All required readings are available online via the Leganto system, as are most of the recommended readings, or there will be a Link to the Library provided. Each week on iLearn, you'll also receive links to case studies or examples discussed during lecture, or in tutorials (some of these will be on external sites, and may also include podcasts, articles, audiovisual works, but none will have a cost). 

Laptop Policy

Please DO bring your own devices for use in class (laptops or tablets + mobile phones). The library has laptops and iPads available for lending if you don't have your own. facilities and there are other computer labs on campus. Please also bring a pen or pencil and paper or notebook to class.  

Other Technology Matters

Students are expected to make use of everyday information technologies to complete their assignments (i.e. Personal Computers, mobile Phones, freely available editing software and online publishing platforms). As this is not a production unit, students should not contact the department's technical staff for equipment or support. Feel free to challenge yourself but work within your technical abilities.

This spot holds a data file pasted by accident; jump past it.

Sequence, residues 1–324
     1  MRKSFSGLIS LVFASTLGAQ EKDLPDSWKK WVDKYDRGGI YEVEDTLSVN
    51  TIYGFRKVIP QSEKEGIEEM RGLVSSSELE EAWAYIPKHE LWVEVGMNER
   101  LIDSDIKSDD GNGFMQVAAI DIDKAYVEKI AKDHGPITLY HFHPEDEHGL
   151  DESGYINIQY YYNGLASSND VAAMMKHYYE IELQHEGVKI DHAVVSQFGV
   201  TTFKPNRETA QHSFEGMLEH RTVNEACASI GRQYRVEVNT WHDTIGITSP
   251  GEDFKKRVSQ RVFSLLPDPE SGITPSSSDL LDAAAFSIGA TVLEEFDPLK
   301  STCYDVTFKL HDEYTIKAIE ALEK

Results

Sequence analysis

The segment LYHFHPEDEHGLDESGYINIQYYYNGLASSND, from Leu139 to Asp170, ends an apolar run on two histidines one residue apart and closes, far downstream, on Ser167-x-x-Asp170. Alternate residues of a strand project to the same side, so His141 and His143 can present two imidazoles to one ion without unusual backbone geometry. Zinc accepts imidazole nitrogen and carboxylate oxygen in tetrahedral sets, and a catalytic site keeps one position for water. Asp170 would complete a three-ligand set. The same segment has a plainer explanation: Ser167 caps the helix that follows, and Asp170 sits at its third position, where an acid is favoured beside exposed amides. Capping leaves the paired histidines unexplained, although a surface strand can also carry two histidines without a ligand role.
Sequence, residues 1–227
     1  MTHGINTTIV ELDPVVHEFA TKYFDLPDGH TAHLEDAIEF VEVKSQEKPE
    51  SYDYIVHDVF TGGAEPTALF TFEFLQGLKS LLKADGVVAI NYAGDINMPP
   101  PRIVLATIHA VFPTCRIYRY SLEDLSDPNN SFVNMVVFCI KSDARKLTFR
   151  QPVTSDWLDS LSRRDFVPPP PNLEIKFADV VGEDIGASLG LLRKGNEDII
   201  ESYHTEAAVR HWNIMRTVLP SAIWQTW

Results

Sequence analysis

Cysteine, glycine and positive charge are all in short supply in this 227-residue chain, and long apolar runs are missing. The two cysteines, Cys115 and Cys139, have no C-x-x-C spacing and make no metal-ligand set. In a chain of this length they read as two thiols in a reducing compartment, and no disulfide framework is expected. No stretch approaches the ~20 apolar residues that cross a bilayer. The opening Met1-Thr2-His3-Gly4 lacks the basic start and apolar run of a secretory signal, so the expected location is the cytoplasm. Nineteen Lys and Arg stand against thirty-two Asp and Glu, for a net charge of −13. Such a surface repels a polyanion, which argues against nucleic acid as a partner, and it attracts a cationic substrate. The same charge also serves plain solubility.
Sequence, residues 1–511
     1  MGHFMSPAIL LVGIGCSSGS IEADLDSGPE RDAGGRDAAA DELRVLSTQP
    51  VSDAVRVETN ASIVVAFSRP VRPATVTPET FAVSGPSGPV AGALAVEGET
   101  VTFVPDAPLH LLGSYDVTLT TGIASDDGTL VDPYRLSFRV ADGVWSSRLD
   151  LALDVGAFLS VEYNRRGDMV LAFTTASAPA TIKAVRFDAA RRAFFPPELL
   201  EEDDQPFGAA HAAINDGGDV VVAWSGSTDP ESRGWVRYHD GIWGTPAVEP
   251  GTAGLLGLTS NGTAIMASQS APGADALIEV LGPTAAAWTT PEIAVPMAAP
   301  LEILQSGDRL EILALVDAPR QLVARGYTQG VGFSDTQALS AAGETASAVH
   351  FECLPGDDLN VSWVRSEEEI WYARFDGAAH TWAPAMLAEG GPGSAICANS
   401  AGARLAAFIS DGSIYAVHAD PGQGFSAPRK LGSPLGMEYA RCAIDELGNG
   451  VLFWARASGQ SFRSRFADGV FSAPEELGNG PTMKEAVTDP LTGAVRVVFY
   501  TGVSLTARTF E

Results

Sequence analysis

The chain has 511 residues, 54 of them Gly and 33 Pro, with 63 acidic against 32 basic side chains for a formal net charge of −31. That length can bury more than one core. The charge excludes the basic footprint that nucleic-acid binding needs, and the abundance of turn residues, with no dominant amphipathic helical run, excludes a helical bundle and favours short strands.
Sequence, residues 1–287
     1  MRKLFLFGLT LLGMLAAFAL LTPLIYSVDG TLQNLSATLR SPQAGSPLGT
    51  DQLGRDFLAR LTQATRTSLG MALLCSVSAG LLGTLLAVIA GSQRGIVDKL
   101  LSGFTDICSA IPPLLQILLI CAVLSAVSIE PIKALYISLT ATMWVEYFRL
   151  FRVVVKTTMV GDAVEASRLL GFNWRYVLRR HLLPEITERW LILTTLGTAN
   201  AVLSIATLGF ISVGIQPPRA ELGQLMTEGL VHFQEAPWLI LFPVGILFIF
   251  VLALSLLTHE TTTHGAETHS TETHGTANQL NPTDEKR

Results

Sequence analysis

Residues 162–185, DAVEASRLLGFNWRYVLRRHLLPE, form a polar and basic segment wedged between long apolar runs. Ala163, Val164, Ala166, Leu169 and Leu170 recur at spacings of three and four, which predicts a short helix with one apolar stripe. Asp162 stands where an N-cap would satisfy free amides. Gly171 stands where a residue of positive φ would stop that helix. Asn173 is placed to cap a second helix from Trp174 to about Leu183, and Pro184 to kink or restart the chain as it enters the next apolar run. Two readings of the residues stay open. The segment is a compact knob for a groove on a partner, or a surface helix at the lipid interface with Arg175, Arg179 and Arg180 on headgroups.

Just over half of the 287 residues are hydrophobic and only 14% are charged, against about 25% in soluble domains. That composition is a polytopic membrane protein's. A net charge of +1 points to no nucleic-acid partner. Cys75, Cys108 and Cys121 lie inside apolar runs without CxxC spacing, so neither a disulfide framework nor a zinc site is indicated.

School Break

Students are advised that we will NOT physically meet in class the following weeks this semester:

  • Week of 5 April—school break
  • Week of 12 April—school break


Unit Schedule

Unit schedule will be available to students via iLearn prior to the start of classes. 

Policies and Procedures

Macquarie University policies and procedures are accessible from Policy Central ( Students should be aware of the following policies in particular with regard to Learning and Teaching: